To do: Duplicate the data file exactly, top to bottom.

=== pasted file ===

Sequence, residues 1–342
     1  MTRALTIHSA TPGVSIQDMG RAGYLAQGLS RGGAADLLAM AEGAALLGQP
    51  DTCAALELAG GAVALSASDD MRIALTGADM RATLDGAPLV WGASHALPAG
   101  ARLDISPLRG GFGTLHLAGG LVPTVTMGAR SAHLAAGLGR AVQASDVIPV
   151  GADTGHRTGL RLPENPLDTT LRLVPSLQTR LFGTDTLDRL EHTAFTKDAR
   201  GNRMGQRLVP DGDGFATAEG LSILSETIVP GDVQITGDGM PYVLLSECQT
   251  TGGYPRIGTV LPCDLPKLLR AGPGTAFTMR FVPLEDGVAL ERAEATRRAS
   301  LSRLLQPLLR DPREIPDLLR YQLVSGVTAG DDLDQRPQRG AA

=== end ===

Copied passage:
Sequence, residues 1–342
     1  MTRALTIHSA TPGVSIQDMG RAGYLAQGLS RGGAADLLAM AEGAALLGQP
    51  DTCAALELAG GAVALSASDD MRIALTGADM RATLDGAPLV WGASHALPAG
   101  ARLDISPLRG GFGTLHLAGG LVPTVTMGAR SAHLAAGLGR AVQASDVIPV
   151  GADTGHRTGL RLPENPLDTT LRLVPSLQTR LFGTDTLDRL EHTAFTKDAR
   201  GNRMGQRLVP DGDGFATAEG LSILSETIVP GDVQITGDGM PYVLLSECQT
   251  TGGYPRIGTV LPCDLPKLLR AGPGTAFTMR FVPLEDGVAL ERAEATRRAS
   301  LSRLLQPLLR DPREIPDLLR YQLVSGVTAG DDLDQRPQRG AA